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Hanscom lands defense contract for surveillance system

Mar 14, 2014Boston Globe, Council in the News

Hanscom Air Force Base’s research operations won a little job security amid looming defense cuts after the facility landed a critical contract overseeing the rollout of the next generation of high-tech battlefield surveillance systems.

The Bedford base was chosen to lead the overhaul of the Air Force’s Joint Surveillance Target Attack Radar System, with $73 million set aside for the first phase of establishing the new JSTARS platform, according to an announcement by members of the state’s congressional delegation.

US Representative Niki Tsongas, a Lowell Democrat who serves on the House Armed Services Committee, hailed the proposed funding, which was included in President Obama’s budget for next fiscal year.

“Most importantly it reflects the Air Force’s commitment to Hanscom’s mission,” Tsongas said.

The decision comes after an epic lobbying effort by top elected state and federal officials and business leaders to highlight Hanscom’s capabilities and spare the sprawling base from budget cuts.

Chris Anderson, president of the Massachusetts Defense Technology Initiative, which represents an array of local defense contractors and universities, cited a long campaign going back to Mitt Romney’s term as governor and the late US Senator Edward M. Kennedy.

“The Air Force recognizes the key themes that we have been sharing with them over the last decade,” he said. “Hanscom’s proximity to the deepest innovation assets in the country are important to a mission like JSTARS.”

Chuck Paone, public affairs director at Hanscom, was not able to provide an estimate of the number of jobs that might be created under the project.

The real value for local businesses will be in all the subcontracting and side projects that go on for high-tech projects such as JSTARS, Anderson said.

First designed in the 1990s at Hanscom, the surveillance system features 18 airborne radar installations that are linked to track enemy forces on the ground.

“Hanscom is the birthplace of modern radar and airspace management,” said Tsongas, who also cochairs the Military Asset and Security Strategy Task Force, a state-level group devoted to lobbying for more federal dollars for research at Hanscom.

The Air Force facility will oversee the development of a new JSTARS platform, which will involve replacing the current fleet of aging 707s — retired commercial airliners — with smaller, modern, more efficient corporate-style jets, Paone said.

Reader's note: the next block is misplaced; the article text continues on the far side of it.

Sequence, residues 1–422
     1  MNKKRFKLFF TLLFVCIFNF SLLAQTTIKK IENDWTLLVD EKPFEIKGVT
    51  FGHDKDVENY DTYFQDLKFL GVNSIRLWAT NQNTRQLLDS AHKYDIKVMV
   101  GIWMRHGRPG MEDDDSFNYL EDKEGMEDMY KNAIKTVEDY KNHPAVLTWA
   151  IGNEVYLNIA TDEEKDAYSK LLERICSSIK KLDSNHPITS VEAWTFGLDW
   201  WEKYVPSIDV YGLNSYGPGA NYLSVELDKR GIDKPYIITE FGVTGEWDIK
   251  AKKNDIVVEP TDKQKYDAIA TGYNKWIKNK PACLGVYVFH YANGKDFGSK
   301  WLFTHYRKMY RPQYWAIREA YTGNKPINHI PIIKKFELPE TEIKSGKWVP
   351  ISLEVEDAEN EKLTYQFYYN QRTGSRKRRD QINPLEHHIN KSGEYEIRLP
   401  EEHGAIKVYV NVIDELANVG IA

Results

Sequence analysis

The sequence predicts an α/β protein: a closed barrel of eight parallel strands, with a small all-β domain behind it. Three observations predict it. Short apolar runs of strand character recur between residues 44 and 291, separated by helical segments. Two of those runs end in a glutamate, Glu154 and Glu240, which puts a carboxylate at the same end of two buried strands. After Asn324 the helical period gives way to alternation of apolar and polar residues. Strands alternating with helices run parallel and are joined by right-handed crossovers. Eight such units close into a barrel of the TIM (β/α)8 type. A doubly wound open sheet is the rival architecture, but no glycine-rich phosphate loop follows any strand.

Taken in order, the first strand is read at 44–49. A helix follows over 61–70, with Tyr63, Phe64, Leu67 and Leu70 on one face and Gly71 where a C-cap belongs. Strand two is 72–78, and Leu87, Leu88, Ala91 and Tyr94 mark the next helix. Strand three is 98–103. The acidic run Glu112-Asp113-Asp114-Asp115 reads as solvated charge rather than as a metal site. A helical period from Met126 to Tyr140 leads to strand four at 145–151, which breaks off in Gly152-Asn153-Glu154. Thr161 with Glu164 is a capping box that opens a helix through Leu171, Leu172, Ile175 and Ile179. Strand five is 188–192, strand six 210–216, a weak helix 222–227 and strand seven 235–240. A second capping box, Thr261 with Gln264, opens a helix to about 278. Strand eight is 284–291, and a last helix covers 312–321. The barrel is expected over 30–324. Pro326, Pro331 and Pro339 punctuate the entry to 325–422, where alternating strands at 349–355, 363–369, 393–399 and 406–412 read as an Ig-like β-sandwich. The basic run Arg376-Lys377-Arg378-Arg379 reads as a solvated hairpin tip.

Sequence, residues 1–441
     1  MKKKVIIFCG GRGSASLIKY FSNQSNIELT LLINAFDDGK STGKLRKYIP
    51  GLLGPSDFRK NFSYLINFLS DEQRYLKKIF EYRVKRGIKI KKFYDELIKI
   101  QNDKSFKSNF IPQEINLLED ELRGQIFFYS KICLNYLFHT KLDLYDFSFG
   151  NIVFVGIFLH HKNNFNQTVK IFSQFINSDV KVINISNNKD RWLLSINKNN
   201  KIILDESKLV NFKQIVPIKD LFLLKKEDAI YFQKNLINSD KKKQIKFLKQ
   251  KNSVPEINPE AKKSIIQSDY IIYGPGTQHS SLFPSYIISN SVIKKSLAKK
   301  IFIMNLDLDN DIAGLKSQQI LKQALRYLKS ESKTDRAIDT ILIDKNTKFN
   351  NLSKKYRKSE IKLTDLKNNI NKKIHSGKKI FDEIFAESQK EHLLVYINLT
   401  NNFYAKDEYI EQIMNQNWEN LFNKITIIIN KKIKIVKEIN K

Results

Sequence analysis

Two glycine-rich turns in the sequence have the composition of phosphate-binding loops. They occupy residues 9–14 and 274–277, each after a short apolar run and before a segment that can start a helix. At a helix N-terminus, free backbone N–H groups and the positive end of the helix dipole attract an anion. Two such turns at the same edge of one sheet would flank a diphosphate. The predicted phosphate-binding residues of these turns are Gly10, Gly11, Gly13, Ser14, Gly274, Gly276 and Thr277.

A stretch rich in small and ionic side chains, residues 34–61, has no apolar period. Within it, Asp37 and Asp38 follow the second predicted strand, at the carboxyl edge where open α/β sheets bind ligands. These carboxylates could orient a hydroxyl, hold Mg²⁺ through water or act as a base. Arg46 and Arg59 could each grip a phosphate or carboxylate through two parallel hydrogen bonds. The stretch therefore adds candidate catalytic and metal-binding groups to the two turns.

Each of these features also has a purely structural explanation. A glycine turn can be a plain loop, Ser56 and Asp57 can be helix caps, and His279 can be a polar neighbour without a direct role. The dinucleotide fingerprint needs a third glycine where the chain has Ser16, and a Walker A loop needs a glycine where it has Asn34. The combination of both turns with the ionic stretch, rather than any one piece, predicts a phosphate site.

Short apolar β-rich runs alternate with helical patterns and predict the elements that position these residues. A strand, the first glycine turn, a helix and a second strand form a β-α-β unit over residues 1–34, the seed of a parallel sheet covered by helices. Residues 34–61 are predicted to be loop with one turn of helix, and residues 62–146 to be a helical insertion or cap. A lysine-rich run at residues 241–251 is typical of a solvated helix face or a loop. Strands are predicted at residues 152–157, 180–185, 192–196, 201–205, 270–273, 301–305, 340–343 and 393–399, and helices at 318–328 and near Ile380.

The $73 million in the proposed budget would pay for the initial design and engineering work in drafting the technical specifications, but the ultimate price tag would likely hit some $6 billion, he said.

“This is effectively seed money to get the design work going and flesh out the technical requirements,” Paone said. “For us, it just demonstrates we continue to lead efforts to provide war fighting capabilities for US forces. This is what we do.”

A cadre of 25 people has been created by the Air Force at Hanscom for the initial work on the JSTARS project, according to Paone, with the number expected to grow over time.

Some key aspects of the project, such as command and control systems requiring sophisticated computer and electronic systems, are likely to provide opportunities for tech industry companies across Greater Boston and New England, Anderson said.

Meanwhile, another initiative aimed at enhancing Hanscom’s research and development capabilities was also recently unveiled by officials at the base.

Air Force officials are lobbying for an upgrade of the power capacity of a key Hanscom project that tests new cybersecurity systems.

The upgrade calls for a 120-foot tower that would provide a link among Hanscom, the government-funded MITRE Corp. research and development center in Bedford, and the Otis and Barnes Air National Guard bases on Cape Cod and in Westfield, respectively.

State legislators are considering a $2.9 million bond bill to pay for the improvements, Paone said. The upgraded testing network may eventually be opened up for research by local universities and commercial companies.

“It’s an ideal atmosphere for cyber and IT exploration,” said Major Chris Dupin, manager of the testing program at Hanscom, in a statement put out by the base. “And we hope to continue growing and leading the way with existing and evolving technologies.”

Increasingly, the Massachusetts High Technology Council is stepping up to create, execute, and lead critical statewide competitiveness strategies. Fostering a vision for our innovation economy under the MassVision2050 banner, the Council solidifies its position as a thought leader providing valuable insights to navigate emerging technologies, facilitates long-term planning, and reinforces the Council's commitment to excellence and action in the evolving Massachusetts tech-driven economy.

To learn more, contact Council President Chris Anderson.